Sarah Huckabee Sanders, the newly appointed White House press secretary, said the administration is supportive of being tough on Russia and “particularly putting these sanctions in place.”
“We support where the legislation is now, and will continue to work with the House and Senate to put those tough sanctions in place on Russia until the situation in Ukraine is fully resolved,” Sanders said on ABC’s “This Week.”
The sanctions “would tighten restrictions on the extension of credit to Russian entities and limit Russian businesses in the energy and defense sectors from partnering with U.S. citizens. It also would require the president to seek Congress’s permission to relax any sanctions against Russia.”
The editors looked closer and figured out exactly where this would hit the Russian economy and leverage over its European neighbors: “Discretionary sanctions also apply to investment in the construction of Russian energy-export pipelines — for example, the controversial Nord Stream II pipeline. This massive project, which would link Russia to Germany while bypassing Ukraine, would double the Russian natural-gas company Gazprom’s capacity to move oil directly into Europe and make the Continent even more dependent on Russian resources.”
The Russians are warning that they will not like it . . .
Kremlin spokesman Dmitry Peskov said on Monday that “we heard of some corrections to the administration’s stance on sanctions and will wait patiently until it is clearly articulated.” He reiterated that Russia believes the restrictions are “counterproductive” and are harming both US and Russian interests.
Russian President Vladimir Putin earlier warned that any new sanctions on Russia will only result in the deterioration of US-Russia relations.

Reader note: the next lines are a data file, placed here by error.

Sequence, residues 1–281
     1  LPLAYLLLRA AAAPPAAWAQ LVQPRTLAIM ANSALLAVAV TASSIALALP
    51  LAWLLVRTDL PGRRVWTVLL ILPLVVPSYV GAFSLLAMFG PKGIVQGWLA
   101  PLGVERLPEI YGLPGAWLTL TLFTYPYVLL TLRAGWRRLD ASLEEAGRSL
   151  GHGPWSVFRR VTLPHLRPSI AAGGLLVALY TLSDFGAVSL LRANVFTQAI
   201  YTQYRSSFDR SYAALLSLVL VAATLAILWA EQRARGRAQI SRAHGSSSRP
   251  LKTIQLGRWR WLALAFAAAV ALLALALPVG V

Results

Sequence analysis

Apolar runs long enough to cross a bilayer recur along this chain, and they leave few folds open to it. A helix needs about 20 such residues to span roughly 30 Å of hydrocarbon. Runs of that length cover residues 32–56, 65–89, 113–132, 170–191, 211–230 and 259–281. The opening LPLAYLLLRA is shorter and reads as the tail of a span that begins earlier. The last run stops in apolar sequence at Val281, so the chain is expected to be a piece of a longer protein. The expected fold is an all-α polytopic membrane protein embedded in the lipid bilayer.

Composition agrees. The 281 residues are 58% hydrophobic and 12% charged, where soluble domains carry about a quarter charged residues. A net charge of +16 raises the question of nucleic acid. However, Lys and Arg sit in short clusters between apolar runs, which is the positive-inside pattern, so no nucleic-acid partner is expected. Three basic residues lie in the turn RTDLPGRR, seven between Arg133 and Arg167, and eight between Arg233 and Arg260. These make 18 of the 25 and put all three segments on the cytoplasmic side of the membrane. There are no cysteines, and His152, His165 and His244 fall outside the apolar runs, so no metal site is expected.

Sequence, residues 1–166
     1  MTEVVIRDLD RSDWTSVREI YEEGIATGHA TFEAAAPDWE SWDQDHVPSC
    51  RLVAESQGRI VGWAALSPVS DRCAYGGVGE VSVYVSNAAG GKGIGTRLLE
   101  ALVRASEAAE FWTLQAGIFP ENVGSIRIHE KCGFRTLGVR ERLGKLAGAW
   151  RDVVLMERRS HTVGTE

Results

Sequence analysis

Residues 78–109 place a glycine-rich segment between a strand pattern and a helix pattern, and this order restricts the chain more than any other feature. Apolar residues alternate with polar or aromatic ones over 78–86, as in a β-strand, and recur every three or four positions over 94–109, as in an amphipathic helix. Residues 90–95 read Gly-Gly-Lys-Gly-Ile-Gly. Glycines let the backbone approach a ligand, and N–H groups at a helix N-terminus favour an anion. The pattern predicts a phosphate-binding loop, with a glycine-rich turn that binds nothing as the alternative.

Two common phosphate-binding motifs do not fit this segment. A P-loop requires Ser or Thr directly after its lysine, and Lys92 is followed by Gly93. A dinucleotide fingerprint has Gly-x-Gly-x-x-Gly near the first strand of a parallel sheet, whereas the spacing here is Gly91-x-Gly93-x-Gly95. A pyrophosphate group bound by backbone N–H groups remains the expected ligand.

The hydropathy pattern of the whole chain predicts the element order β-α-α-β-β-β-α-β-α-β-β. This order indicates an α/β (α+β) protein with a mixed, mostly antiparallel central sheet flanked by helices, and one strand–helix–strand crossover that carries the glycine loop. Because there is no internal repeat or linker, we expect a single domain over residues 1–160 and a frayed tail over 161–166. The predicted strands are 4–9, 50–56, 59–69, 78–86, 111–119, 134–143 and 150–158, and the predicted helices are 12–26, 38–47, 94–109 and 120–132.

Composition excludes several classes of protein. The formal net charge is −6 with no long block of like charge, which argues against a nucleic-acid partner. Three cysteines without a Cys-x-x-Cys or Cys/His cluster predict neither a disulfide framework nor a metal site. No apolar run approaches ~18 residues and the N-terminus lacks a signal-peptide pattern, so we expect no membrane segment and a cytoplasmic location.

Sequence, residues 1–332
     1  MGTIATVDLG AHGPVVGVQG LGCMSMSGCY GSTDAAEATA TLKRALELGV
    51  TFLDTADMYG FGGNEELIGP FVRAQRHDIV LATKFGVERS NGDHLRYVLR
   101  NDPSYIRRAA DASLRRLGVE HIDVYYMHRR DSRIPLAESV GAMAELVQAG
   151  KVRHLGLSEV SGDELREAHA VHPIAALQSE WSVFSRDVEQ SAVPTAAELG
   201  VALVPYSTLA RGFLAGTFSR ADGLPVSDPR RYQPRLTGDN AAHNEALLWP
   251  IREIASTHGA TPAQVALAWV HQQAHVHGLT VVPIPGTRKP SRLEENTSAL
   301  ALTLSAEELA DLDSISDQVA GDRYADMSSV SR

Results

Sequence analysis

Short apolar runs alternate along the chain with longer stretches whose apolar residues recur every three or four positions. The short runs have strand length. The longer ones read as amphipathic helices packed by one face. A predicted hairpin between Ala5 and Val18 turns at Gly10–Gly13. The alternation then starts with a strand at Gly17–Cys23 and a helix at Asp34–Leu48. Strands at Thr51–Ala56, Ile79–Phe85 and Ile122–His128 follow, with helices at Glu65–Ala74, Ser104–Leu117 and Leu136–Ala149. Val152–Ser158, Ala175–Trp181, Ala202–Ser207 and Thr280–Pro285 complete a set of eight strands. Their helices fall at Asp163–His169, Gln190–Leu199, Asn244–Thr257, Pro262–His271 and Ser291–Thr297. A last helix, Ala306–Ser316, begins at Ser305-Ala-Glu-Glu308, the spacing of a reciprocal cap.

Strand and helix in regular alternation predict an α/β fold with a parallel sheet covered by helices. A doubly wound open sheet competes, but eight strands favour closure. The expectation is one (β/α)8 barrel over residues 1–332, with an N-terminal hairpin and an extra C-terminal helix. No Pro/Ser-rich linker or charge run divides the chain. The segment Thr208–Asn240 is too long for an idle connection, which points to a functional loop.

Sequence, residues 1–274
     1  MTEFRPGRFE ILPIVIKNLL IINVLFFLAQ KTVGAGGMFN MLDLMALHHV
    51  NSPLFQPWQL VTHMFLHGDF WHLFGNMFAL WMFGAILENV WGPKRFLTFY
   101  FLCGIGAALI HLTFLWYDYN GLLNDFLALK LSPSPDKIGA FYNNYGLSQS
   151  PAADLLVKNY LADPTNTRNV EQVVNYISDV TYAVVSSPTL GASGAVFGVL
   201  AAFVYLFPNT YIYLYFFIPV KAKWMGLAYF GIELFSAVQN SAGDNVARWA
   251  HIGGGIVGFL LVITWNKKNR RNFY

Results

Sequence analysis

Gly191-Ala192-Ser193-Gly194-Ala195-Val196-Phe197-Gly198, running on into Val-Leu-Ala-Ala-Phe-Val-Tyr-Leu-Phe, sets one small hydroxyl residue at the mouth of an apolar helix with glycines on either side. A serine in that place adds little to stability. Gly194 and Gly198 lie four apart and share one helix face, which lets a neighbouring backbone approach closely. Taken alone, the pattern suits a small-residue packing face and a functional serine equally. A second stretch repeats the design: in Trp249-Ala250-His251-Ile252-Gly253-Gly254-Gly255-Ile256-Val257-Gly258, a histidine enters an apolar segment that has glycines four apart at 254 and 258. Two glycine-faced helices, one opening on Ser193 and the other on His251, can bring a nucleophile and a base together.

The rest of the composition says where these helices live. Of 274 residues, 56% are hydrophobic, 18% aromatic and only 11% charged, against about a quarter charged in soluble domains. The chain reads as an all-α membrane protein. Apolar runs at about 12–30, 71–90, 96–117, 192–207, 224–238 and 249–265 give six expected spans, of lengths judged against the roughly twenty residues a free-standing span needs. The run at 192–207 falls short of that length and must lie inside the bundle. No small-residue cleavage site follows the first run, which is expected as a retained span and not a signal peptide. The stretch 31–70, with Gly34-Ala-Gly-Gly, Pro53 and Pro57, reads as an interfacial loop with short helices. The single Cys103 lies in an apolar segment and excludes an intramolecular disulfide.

. . . which is kind of the point of sanctions!
What Are Those Great Bipartisan Ideas for Health Care Reform?
The great Peggy Noonan was kind enough to quote me at length in her most recent column. We hear a decent amount about how Democrats are willing to help “fix” Obamacare but we never hear many details about what their idea of a “fix” is. Once you look, you see a lot of familiar ideas that Republicans reject: stricter enforcement of the individual mandate, government funding for insurance companies to offset unexpected losses, and of course, “Medicaid for all.”
Noonan quotes Sen. Joe Manchin, West Virginia Democrat, as insisting that a bipartisan agreement is achievable:
For now, Mr. Manchin says, both parties should focus on Medicare, Medicaid, the private market, pre-existing conditions – issues on which quick or clear progress can be made. He notes that the Senate has 11 members who are former governors. As executive branch veterans with on-the-ground experience, they’ve learned what works and what doesn’t. They’re mostly moderate, not extreme. Get them in on this, he urges. “We still have some reasonable people here,” he says. “Some are just a little too quiet.”
So what are those moderate bipartisan ideas that those former governors are so eager to enact? My sneaking suspicion is that they’re not all that moderate or bipartisan after all.
ADDENDA: Friday afternoon, I wondered if there was a good reason that there was no depiction of Winston Churchill in the new Christopher Nolan World War Two drama, Dunkirk. Having seen Dunkirk this weekend, I think Dorothy Rabinowitz’s complaint is misguided; this is three particular stories set during the Dunkirk evacuation and there wasn’t much need to cut back to the Cabinet War Rooms.
As for what I thought of Dunkirk, it is generally as excellent and powerful as the rave reviews say, but this was the first Christopher Nolan film where I felt like his flashback-then-flash-forward style of storytelling got in the way instead of enhancing the tale. An editor once told me I was very sequential in my writing, and I found myself wishing someone had said to Nolan’s otherwise spectacular film, “start in the beginning, then go to the middle, and finish with the end.”